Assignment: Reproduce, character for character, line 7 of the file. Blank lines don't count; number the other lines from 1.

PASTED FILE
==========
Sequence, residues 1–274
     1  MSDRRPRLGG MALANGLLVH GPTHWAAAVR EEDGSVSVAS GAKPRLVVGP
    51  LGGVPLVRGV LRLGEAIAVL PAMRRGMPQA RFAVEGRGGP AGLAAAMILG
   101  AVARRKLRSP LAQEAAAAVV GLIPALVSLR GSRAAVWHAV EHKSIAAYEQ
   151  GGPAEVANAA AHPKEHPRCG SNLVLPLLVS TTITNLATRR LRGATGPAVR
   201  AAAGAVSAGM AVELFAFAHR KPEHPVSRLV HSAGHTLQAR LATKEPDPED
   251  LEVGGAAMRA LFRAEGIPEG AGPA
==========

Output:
   251  LEVGGAAMRA LFRAEGIPEG AGPA